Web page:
Another accusation made against me and that I want to clarify because I find it disgusting is that I would make ‘proselytism’. This practise does not belong to me; it belongs, for example, to the armed forces that go around schools in order to convince kids to enlist, and to priests and to missionaries all over the world. But I have always been extraneous to the ‘missionary logic’. I do not think that social change is a historical mission that I have to carry out nor do I think that it is an inevitable event according to some determinist dream. On the contrary I think that it is an open possibility that can become true or not, that can be fair or not. And it will not be any ‘party’ of anarchists to radically transform the world; it will be the exploited that organize themselves together with anarchists. If I were to live my life and thought according to an historical mission, this too would overcome my will and would transform it into an instrument of something that does not belong to me and that would be the opposite of individuality. I would disappear behind the historical mission, behind the ideology. On the contrary I have never had the arrogance to claim that I know the truth in the place of ignorant masses that have not understood anything and that I should ‘convert’ and ‘indoctrinate’; in this way I would be putting myself in a vanguardist position, which anarchists historically refuse; I have never wanted to be a vanguard. What I do, through articles in our papers, posters, demonstrations, meetings, distribution of books, and which is being judged in this court, is called propaganda, that is to say an instrument for expressing my thoughts and ideas. Mind you, I said Ideas, not mere and stupid opinions. Opinions only represent the empty shell of ideas, as they do not have the subversive potential of the latter. Ideas are something more, they are dangerous, especially in times of social anaesthesia as those we are living in, and it is for this reason that they scare.
This is the real point: what is on trial, exactly, in this court? Not certainly ‘crimes’, to justify most of which the investigators had to construe ‘evidence’ and interpret in their own way words, sentences, concepts, highlighting what was convenient for them and omitting all the rest. No, it is not this. Here it is the Idea that is on trial, anarchist thought and practise. Nobody can believe in the old story of the ‘State of Right’, also because, as Hobbes rightly said, ‘rights being equal, strength wins’.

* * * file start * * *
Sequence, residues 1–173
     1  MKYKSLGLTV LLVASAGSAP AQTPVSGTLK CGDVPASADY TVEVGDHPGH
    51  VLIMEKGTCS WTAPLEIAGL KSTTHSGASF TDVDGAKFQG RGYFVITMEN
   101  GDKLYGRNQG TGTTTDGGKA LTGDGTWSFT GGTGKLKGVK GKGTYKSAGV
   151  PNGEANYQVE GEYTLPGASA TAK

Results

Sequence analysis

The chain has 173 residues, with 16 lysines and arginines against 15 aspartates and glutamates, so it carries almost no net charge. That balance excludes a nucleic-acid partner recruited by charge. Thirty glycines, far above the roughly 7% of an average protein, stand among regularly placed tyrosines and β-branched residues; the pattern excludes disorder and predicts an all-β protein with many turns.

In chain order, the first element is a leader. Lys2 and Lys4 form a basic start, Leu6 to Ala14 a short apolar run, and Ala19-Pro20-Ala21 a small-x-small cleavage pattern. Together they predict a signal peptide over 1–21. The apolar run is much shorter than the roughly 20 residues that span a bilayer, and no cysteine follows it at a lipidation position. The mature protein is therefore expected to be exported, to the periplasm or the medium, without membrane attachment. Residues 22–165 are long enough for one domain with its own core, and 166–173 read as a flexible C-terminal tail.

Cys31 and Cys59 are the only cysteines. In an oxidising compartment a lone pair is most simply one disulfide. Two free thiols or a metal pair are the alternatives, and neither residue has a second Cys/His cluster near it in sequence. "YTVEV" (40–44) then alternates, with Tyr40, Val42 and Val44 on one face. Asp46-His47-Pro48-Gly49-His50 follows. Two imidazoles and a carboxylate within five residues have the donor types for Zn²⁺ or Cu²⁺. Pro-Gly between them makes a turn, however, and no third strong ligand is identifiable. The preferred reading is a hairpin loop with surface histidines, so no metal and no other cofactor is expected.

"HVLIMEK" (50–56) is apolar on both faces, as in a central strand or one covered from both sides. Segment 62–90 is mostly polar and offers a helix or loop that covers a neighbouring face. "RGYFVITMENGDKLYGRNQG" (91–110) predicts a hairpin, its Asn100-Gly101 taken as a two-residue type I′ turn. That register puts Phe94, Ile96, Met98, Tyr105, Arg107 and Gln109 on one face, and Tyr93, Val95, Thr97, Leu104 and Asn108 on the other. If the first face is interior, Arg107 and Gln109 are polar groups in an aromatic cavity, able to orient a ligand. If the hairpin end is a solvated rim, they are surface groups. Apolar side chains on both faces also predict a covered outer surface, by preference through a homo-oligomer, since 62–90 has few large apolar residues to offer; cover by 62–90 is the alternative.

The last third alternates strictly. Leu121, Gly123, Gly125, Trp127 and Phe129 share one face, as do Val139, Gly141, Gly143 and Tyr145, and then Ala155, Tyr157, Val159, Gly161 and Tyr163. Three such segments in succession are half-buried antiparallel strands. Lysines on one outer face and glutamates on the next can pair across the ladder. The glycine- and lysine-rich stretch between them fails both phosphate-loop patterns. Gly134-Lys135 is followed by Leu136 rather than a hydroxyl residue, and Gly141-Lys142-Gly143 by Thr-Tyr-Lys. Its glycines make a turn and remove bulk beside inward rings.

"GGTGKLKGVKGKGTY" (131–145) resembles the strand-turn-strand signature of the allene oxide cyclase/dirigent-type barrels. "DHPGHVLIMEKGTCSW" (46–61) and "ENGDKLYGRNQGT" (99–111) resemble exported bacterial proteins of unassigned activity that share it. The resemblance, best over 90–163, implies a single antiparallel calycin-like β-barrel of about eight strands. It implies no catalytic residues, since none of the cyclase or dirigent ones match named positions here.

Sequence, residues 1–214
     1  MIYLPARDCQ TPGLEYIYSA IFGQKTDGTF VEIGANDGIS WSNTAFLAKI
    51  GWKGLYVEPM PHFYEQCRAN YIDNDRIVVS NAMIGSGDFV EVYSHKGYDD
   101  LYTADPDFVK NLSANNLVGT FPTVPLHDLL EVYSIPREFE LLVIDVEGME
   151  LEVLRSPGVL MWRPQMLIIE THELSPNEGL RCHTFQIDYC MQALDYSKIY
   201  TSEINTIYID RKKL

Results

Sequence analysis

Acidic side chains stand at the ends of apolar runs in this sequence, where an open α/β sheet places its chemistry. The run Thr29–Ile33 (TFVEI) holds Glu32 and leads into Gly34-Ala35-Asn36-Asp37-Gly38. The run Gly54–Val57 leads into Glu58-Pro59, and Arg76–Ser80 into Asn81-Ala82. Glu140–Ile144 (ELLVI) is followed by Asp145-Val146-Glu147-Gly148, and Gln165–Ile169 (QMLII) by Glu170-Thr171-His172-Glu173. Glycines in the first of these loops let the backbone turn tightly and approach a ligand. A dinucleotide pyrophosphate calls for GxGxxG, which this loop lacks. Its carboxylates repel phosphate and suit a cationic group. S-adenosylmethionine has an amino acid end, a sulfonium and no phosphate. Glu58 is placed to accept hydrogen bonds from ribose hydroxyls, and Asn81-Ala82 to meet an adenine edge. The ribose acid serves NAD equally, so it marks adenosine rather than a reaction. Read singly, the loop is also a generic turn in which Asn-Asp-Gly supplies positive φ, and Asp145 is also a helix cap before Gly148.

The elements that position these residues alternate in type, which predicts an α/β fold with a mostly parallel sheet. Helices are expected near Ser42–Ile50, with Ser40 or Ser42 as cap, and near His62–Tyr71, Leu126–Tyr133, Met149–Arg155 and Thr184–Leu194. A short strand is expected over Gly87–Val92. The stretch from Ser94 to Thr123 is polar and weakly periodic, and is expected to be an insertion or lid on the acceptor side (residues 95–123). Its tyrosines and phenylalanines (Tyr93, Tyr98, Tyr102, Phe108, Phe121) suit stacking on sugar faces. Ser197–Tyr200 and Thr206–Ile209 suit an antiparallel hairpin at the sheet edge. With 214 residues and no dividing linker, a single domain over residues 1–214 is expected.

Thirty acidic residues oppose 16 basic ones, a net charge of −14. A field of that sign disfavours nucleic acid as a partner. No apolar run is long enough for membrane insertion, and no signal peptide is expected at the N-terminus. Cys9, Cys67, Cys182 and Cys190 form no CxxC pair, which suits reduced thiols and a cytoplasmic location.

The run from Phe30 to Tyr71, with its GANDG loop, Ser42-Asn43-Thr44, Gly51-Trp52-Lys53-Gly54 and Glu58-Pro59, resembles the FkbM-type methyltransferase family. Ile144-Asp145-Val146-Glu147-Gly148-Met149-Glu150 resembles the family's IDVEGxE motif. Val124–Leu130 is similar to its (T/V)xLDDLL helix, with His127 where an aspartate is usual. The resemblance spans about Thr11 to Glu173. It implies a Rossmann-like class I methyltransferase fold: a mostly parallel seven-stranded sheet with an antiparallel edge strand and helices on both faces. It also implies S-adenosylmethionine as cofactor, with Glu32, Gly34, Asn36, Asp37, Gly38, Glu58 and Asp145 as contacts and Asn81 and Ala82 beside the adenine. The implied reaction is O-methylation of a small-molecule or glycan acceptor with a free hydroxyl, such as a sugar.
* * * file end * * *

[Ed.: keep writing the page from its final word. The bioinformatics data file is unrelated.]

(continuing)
It is therefore clear that courts defend class interests, the class of the included against the big majority of the excluded, which is growing. It is sufficient to observe the social provenance of prisoners in the very democratic Italian jails to find the best confirmation to my statements. So it becomes intolerable that individuals wanting freedom, the destruction of all power and a dignified life for everybody are set free. It is not by chance that there exists a continuous and constant attack against what can be defined the ‘anarchist movement’. This attack has been increasing over the last ten years, and this is also due to the politics of emergency that the State has been adopting for a long while and upon which it now bases its very existence: it is a consolidated rule to create a fictitious enemy towards which to address subjects’ fears so that they create a common front against the ‘danger’ of the moment and cannot see who are really responsible for their misery: one day it is the mafia emergency, another it is environmental emergency, then the immigration emergency comes out. Following this logic today there stands an external enemy – foreigners in general and Arabs in particular – and an internal enemy – all those who oppose the present state of things, and anarchists in particular.